string to it to parse and process. Is this correct?
 
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A. Sinan Unur
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Posts: n/a
 
      02-14-2006
Adam Funk <(E-Mail Removed)> wrote in
news:(E-Mail Removed):

> On 2006-02-10, Donald King <(E-Mail Removed)> wrote:
>
> (1)
>>> exec("perldoc " . $0) if ( $option{h} );

>
>> FWIW, if you do stick with exec-ing perldoc instead of Pod::Usage,
>> you should probably use the list form of exec:
>>

> (2)
>> exec("perldoc", $0) if $option{h};
>>
>> This works even if the user has renamed the script to a path
>> containing shell meta characters (especially spaces).

>
> Now that you mention it, I think I've read somewhere that (2) should
> also be slightly more efficient because the command is executed and
> the arguments are passed directly to it, without an intermediary
> shell, whereas in (1) Perl executes a shell and passes the single
> string to it to parse and process. Is this correct?


perldoc -f exec

perldoc -f system


--
A. Sinan Unur <(E-Mail Removed)>
(reverse each component and remove .invalid for email address)

comp.lang.perl.misc guidelines on the WWW:
http://mail.augustmail.com/~tadmc/cl...uidelines.html
 
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Donald King
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      02-14-2006
Adam Funk wrote:
> On 2006-02-10, Donald King <(E-Mail Removed)> wrote:
>
> (1)
>
>>>exec("perldoc " . $0) if ( $option{h} );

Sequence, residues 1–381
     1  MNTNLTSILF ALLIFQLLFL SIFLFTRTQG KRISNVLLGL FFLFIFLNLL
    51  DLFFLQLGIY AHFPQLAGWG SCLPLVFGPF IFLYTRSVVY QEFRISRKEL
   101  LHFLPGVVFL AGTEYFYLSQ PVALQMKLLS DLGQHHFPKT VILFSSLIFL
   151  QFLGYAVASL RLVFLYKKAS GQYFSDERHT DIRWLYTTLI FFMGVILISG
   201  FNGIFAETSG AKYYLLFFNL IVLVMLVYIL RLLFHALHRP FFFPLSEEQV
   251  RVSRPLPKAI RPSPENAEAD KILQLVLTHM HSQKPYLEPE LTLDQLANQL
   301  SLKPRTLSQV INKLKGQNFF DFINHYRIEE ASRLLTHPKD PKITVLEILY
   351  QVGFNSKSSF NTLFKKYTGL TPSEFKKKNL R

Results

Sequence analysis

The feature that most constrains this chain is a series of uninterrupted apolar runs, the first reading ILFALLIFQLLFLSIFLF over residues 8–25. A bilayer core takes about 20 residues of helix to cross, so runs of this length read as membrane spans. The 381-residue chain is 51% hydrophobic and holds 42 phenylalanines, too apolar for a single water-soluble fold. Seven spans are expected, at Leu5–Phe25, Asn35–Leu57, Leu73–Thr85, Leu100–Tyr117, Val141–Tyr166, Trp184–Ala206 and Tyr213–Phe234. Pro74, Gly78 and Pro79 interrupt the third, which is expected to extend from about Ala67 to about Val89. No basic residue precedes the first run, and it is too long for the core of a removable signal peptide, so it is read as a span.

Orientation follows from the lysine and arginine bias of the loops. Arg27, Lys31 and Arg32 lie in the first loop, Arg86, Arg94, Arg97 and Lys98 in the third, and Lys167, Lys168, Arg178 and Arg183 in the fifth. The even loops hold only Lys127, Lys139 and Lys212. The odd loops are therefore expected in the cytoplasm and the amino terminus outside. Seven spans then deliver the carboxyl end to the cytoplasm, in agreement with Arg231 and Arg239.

>
>
>>FWIW, if you do stick with exec-ing perldoc instead of Pod::Usage, you
>>should probably use the list form of exec:
>>

>
> (2)
>
>>exec("perldoc", $0) if $option{h};
>>
>>This works even if the user has renamed the script to a path containing
>>shell meta characters (especially spaces).

>
>
> Now that you mention it, I think I've read somewhere that (2) should
> also be slightly more efficient because the command is executed and
> the arguments are passed directly to it, without an intermediary
> shell, whereas in (1) Perl executes a shell and passes the single
> string to it to parse and process. Is this correct?


True, although the performance difference is unlikely to matter on a
modern system.

--
Donald King, a.k.a. Chronos Tachyon
http://chronos-tachyon.net/
 
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Uri Guttman
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      02-14-2006
>>>>> "EH" == Ed Hennig <(E-Mail Removed)> writes:

EH> What's the best or correct way to get a Perl program to handle the -h
EH> option (through getopts) by outputting its own perldoc documentation
EH> to the terminal?

EH> exec("perldoc " . $0) if ( $option{h} );

there are modules that can do that for you. search cpan for pod stuff.

uri

--
Uri Guttman ------ http://www.velocityreviews.com/forums/(E-Mail Removed) -------- http://www.stemsystems.com
--Perl Consulting, Stem Development, Systems Architecture, Design and Coding-
Search or Offer Perl Jobs ---------------------------- http://jobs.perl.org
 
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Ed Hennig
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      02-16-2006
Uri Guttman <(E-Mail Removed)> wrote:

> >>>>> "EH" == Ed Hennig <(E-Mail Removed)> writes:

>
> EH> What's the best or correct way to get a Perl program to handle the -h
> EH> option (through getopts) by outputting its own perldoc documentation
> EH> to the terminal?
>
> EH> exec("perldoc " . $0) if ( $option{h} );
>
> there are modules that can do that for you. search cpan for pod stuff.


If

exec("perldoc", $0) if ($option{h});

works fine, why make things more complicated than necessary?

What are the advantages of using the CPAN POD modules when all I want
is to show something that looks like a man page?